It is rather surprising, however, that Tremblay makes this suggestion concerning a book that could not have been constructed on the primary sources alone. I imagine he wanted to express a sense of cognitive frustration, because (to borrow my own words), at the end of our journey, we still do not know who Darius was. And our uncertainty about the ‘real’ Alexander has also increased. As for Tremblay’s claim that it is a book of Greek history devoted to the legend of Alexander, seen from the other side (ibid., p. 381), that amounts to confusing the (Greco-Roman) origin of the sources and the (Achaemenid) object of research. I am of course altogether aware that the book is as much a book about the images of Alexander as about those of Darius (in Alexander’s shadow), given that it is dedicated to an analysis of the construction, parallel and antithetical at once, of both series of images. But I wish to insist once again that my approach is that of a historian of the Achaemenid Empire, who, in this particular instance, is constrained to make use of suspect Greco-Roman sources. That being the case, the key question remains unchanged: How to speak of the last Achaemenid king by means of sources that are essentially devoted to constructing the (contradictory) images of his adversary? In that sense, though the factual results may appear scanty, this book is also a contribution, albeit minor, to Achaemenid history.¹⁰ As M.-F. Baslez rightly understood (2006, 515), over the long term the book is part of the project to find and set in place appropriate approaches to Achaemenid history. This impossible biography therefore stands as an exhaustive inventory and a critical assessment of these approaches.

    The guiding thread of this book is directly related to a question that has hounded me for many years—namely, What was the state of the Achaemenid Empire at the moment Alexander and his army disembarked in Asia Minor? Because of the absence of any structural analysis in the classical literature, efforts to reply to that question have always appealed to the personality of Darius III and to his decisions. For a very long time, one theory reigned supreme: that of Achaemenid decadence—defined as a drastic weakening of imperial power, generally believed to have begun with Xerxes and to have become only more pronounced throughout the fourth century. In the elaboration of that doctrine, the texts about Darius’s confrontation with Alexander had great evidential value, given that the Persian defeat was traditionally attributed to decadence, even as the Persian defeat confirmed that theory. I therefore believed it essential to conduct a systematic deconstruction in an effort to understand on what stereotypes and models the figure of Darius had been constructed in the shadow of Alexander.

    Such is the objective I set for myself throughout this book. To that end, the words and concepts used by the Alexander authors have been placed within a broader perspective. They were already a pervasive presence in authors of the classical age steeped in the Iliad (that is particularly true of Xenophon), to such a point that these words and concepts were erected into universal explanatory models organized around a few hegemonic themes (the cowardice and flight of the Great King, his luxurious habits even when on a military campaign, and so on). These analyses lead us to consider with a great deal of skepticism the documentary foundations of the images that have circulated about Darius III and his empire, from the ancient world to modern Europe.¹¹ But the aim is not to postulate (adopting a typically postcolonial approach) that, on the contrary, the Achaemenians were noble and strong until, quite suddenly, they weren’t.¹² It is to free ourselves from the images imposed by the literature of antiquity, in order to conduct afresh the examination (or reexamination) of the existing primary documents.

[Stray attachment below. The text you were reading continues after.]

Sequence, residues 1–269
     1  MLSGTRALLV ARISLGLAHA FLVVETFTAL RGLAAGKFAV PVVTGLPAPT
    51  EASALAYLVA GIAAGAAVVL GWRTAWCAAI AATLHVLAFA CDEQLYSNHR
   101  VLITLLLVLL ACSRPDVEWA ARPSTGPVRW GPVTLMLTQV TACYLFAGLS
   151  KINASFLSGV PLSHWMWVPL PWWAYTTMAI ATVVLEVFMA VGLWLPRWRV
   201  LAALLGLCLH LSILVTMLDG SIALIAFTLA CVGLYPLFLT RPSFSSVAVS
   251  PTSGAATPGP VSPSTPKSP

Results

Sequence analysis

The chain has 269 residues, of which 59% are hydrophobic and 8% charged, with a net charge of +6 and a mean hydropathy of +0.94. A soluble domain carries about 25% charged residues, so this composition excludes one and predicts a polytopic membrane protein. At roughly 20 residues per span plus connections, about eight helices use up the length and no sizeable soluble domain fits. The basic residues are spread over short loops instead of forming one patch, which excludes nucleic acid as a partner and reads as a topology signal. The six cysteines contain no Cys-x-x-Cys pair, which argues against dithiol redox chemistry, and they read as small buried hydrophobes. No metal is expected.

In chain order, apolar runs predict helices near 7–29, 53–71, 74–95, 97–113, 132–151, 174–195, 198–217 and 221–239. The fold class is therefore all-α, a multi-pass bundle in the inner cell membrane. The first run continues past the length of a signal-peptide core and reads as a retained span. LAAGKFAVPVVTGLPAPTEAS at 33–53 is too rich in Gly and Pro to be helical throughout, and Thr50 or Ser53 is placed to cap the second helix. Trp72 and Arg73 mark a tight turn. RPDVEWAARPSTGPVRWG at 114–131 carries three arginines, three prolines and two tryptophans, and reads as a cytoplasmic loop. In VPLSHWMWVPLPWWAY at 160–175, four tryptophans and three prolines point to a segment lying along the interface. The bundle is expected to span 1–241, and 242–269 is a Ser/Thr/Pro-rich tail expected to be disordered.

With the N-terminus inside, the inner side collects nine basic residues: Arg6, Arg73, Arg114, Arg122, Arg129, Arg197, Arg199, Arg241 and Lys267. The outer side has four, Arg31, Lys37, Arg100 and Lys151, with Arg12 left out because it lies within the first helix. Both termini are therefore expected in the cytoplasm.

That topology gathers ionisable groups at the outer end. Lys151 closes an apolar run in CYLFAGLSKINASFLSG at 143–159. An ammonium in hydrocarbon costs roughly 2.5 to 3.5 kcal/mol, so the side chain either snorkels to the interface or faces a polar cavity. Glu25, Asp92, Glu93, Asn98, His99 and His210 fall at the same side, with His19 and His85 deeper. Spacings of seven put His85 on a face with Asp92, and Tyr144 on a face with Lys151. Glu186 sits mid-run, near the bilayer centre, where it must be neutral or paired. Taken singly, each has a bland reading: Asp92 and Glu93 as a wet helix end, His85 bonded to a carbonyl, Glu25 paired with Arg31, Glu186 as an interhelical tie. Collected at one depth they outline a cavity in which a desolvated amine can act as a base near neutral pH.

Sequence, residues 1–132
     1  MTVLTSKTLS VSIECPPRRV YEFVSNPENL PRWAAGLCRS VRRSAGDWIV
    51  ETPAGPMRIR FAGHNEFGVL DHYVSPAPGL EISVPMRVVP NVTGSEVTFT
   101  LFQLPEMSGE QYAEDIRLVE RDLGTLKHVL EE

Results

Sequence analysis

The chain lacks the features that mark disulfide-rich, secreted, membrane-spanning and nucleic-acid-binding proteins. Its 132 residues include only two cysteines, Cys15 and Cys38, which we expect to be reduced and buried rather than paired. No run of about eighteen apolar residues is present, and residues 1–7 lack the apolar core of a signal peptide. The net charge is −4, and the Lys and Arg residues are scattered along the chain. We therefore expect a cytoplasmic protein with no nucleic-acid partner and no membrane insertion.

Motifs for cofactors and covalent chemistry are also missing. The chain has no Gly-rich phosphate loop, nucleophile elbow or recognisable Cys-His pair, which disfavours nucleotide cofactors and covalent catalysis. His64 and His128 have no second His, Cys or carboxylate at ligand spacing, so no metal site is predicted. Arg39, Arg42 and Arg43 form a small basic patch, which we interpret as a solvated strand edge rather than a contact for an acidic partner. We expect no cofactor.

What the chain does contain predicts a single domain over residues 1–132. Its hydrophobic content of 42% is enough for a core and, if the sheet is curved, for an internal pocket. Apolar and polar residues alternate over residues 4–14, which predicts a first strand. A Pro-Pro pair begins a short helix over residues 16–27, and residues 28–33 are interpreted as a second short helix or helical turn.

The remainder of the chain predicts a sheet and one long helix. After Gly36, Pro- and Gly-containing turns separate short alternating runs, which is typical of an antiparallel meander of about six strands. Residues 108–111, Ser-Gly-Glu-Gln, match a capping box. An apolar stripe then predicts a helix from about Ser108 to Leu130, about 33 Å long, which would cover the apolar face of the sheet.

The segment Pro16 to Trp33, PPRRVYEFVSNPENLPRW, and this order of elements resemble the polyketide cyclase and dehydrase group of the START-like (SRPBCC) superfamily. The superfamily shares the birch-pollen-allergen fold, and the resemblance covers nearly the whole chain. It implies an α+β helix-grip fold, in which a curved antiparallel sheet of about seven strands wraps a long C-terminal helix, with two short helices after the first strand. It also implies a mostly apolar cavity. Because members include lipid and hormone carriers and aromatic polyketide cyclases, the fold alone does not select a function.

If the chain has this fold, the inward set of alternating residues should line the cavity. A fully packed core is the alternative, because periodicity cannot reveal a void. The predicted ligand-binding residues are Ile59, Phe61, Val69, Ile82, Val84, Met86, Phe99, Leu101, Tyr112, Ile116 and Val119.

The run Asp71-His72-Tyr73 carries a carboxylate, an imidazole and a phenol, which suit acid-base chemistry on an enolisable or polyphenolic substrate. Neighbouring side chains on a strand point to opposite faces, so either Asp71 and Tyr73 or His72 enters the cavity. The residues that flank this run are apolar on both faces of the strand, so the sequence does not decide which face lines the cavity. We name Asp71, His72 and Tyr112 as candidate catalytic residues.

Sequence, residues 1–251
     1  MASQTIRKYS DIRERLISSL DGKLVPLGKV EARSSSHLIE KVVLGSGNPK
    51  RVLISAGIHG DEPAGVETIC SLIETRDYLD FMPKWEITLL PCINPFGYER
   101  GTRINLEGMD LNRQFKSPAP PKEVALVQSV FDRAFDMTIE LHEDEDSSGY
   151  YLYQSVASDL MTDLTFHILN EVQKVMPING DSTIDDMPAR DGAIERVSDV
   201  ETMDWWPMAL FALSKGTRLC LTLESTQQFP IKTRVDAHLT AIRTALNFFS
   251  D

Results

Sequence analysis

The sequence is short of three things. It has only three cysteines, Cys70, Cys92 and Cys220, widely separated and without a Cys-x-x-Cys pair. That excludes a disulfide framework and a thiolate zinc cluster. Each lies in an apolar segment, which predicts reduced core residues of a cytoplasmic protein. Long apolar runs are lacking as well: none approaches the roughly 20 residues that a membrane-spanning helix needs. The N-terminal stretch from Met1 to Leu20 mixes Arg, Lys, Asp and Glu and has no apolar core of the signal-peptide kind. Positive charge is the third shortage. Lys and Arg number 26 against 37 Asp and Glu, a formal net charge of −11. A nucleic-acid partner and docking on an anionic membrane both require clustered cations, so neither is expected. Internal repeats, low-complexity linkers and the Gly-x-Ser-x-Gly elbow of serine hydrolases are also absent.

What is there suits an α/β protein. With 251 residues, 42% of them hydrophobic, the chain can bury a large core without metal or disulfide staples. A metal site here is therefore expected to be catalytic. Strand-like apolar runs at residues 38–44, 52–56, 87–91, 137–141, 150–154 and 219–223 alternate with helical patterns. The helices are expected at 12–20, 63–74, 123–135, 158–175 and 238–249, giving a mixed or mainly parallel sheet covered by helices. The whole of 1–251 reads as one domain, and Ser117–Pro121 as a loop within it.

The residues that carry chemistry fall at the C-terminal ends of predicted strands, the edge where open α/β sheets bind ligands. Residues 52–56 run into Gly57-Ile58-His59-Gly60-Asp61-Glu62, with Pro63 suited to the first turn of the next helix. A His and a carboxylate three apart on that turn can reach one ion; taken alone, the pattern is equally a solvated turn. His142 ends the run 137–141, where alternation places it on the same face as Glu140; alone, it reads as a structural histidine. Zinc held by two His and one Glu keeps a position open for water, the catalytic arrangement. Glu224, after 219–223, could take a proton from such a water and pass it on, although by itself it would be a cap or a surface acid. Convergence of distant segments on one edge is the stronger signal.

The doubts I have put forward about the credibility of the classical sources for the historian of the Achaemenid Empire have sometimes caused confusion. Throughout the review Maria Brosius (2006) wrote of this book, she displays her uneasiness with an approach that, she said, tends to deny any historical element in these stories, or believes that mere literary motifs [are] devoid of any historical truth, or implies that much of the history of Alexander [is] literary fiction. Hence this formulation, which tends to establish an opposition between literary analysis and historical research: If we reduce the history to a literary construct, we avoid the real issue, namely to address the question why the Persian army was defeated and why the death of Darius is synonymous with the end of the Achaemenid empire (p. 430). In a certain sense, the author develops an argument parallel to the one A. B. Bosworth made in 2003 against P. McKechnie, though without referring to it. McKechnie supported the view that Curtius’s narratives are strongly marked by fiction.¹³ Bosworth lamented that it has become fashionable to question the veracity of the historians of antiquity.… What is more, if we accept that the addition of bogus ‘facts’ was a standard historical technique, we are left with very little. There are few criteria to distinguish what was the ‘hard core’ of authentic material and what was the superimposed fiction (pp. 167–168).